The Smartest Entrepreneur I Know
is a Stripper
Greg Larkin /
“OK, you see his shoes?” Samantha pointed her chin toward a 40-ish looking white guy whose white button down shirt was too tight. His jeans were tapered and baggy. And he was indeed wearing glossy, black shoes. He was ordering a round for all of his friends who were wearing sneakers.
Her dress was tight, short and bright. Her brow was furrowed like Bill Bellicheck calling a play with the Patriots on the 7-yard line, down by 3 points with 12 seconds left on the clock. “This isn’t about sex for him. It’s about showing his friends that he’s running things. That’s $400 if I play it right. Wish me luck. I’m moving in”
She walked over real slow and smiled at the guy standing next to Alpha NiceShoes and asked, “So, are you the guy in charge tonight?”
Alpha let out a loud, incredulous “WHOOAAAA!” which his friends quickly joined.
2 minutes later he handed Samantha the first $40 of the $390 he would ultimately transfer to her that evening.
Samantha expects to clear $198,000 pre-tax in 2016. This will be the first time in three years where she hasn’t achieved 200% growth.
When Samantha started dancing she quickly grasped that stripping is not really about wriggling, or body type, or even sex. It is about men running from their own vulnerability. It is about easing them into an alter ego where they are alluring and omnipotent.
More than any innovator I’ve ever met, Samantha understands that she is in the business of scratching an emotional itch.
Samantha wound up sitting next to me at my sister in law’s dinner party. My sister had taken a pole-dancing class that Samantha taught and they became friends. I told her I worked in finance. She told me she was a stripper. I asked her the same questions I would ask a startup CEO and her answers were smarter and more authentic than any CEO I’d ever interviewed.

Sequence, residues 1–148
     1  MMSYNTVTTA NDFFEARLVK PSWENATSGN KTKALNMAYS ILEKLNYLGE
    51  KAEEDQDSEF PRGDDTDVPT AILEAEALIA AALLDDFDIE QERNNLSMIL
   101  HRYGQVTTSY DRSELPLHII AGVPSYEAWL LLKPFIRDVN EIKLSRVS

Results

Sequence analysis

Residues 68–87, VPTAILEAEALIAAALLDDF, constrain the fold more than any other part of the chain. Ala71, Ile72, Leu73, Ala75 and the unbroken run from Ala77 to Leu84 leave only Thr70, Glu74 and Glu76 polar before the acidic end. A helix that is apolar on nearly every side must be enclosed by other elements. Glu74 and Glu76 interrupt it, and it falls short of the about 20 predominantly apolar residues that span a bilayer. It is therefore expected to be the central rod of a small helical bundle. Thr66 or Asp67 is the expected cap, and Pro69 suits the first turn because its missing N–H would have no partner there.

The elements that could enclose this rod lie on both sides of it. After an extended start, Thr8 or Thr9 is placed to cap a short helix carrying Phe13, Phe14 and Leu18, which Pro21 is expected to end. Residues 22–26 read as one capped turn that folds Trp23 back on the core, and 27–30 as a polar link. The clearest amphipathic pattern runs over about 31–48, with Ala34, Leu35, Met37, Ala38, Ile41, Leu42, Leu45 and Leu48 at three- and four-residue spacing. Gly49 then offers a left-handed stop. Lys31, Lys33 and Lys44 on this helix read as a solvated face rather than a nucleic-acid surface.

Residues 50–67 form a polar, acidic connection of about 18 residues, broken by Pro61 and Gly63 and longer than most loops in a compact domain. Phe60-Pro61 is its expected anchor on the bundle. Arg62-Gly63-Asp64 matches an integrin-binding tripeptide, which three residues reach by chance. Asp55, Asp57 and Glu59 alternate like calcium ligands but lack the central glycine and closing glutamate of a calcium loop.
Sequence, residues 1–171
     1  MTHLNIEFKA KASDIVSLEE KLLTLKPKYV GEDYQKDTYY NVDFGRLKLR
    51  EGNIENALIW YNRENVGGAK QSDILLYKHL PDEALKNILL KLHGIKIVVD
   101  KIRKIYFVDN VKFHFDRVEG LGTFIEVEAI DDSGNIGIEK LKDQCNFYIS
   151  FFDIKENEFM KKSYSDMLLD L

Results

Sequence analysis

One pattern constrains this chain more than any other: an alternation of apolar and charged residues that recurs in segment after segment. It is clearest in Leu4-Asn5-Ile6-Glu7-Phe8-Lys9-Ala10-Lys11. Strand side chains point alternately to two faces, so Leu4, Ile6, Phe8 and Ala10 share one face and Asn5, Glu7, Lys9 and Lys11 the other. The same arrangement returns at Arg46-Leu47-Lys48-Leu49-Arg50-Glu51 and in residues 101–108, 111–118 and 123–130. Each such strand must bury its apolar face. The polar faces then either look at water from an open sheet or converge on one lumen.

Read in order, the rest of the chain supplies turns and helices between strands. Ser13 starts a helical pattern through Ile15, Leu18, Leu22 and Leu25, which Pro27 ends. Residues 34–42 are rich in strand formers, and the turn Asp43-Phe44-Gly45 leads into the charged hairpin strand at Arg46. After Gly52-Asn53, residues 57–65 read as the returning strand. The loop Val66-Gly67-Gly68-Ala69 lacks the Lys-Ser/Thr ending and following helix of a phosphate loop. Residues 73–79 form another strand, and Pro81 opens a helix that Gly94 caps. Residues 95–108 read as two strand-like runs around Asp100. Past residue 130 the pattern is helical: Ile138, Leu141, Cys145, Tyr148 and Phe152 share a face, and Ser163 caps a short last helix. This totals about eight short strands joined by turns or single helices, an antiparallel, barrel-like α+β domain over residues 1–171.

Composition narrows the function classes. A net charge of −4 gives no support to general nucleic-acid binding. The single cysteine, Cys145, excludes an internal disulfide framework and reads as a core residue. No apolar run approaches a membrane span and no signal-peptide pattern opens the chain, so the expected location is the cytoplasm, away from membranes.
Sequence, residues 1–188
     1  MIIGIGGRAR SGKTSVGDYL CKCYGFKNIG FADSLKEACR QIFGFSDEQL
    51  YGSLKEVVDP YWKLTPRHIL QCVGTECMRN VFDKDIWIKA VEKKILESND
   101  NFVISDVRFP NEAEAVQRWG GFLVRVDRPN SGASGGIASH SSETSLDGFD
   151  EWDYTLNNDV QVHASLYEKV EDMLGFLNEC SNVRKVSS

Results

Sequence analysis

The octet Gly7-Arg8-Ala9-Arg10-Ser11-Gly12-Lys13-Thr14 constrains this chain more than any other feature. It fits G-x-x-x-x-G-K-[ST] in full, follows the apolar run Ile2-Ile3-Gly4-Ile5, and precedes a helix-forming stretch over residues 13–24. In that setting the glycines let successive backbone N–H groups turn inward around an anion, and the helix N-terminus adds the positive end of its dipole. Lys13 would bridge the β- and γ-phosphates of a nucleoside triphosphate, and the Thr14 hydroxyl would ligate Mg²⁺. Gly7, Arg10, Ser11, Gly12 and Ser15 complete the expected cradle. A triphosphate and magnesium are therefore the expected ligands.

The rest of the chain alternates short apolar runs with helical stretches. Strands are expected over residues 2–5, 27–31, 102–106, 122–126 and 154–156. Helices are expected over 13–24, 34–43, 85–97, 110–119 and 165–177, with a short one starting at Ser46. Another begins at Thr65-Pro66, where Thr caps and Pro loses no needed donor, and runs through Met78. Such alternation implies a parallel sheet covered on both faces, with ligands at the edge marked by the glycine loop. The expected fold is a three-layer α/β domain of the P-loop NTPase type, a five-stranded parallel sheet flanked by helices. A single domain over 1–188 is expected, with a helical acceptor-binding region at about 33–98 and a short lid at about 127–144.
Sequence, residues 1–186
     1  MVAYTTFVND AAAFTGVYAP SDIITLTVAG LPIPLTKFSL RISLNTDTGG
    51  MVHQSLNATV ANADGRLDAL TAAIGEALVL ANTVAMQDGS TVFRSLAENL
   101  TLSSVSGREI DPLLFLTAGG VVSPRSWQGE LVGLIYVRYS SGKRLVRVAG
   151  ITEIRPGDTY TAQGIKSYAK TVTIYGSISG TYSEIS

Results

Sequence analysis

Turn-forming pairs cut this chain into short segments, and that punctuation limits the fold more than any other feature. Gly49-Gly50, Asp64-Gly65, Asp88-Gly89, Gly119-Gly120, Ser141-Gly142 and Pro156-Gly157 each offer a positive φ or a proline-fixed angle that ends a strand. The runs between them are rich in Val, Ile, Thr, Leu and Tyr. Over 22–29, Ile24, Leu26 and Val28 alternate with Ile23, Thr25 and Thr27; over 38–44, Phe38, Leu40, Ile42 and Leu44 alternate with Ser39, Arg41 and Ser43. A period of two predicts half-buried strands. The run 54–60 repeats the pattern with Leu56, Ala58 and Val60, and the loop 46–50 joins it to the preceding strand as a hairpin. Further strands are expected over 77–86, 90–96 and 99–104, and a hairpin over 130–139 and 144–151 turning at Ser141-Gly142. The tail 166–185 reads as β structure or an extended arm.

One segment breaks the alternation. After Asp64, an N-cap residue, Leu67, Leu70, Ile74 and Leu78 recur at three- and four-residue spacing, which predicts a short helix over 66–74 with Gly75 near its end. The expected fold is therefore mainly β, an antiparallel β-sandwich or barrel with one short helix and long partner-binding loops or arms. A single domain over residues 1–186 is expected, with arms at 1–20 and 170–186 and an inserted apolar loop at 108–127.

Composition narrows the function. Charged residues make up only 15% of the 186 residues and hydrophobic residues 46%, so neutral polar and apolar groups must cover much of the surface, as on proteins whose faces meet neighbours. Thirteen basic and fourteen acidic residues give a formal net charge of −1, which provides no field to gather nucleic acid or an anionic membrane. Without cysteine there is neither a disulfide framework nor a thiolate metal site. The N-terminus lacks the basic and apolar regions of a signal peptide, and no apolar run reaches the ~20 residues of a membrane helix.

The pure economics of her business are a thing of beauty: predictable cash-flows (less than 5% variability from forecast), high barriers to entry (most women won’t strip), low cyclical sensitivity (when times are tough men need strippers more), low switching costs (like wealth managers, strippers switch clubs all the time and take their ‘regulars’ with them).
The ingenuity of her particular craft makes her a brilliant entrepreneur. Here are a few morsels of business brain candy:
A stripper is a role-playing therapist. Once you hone in on the unmet emotional need your job is to act as if you can fix it.
Women-run strip clubs have the same problems that most co-ops have. They’re run for the benefit of the workers to such an extent that they sacrifice customer service. It’s a more pleasant environment to work in, but it gravitates toward the dancers’ needs not the customers’.
The most important thing, believe it or not, is empathy. If you get a guy to open up before a lap dance begins. He’ll come back again and again. This is my biggest differentiator from other dancers.
What I loved about Samantha is that she is counterintuitively innovative. We’ve been trained to look for innovation from self-driving cars, wearables and artificial intelligence. We ignore the less sexy, dark corners of entrepreneurship. The Samanthas of the world are serving you street meat from a Halal food cart. They are plumbers. They pause their dominos game to sell you beer at the Bodega.
And long after you’ve ditched your MySpace account, you find yourself unable to cope without them.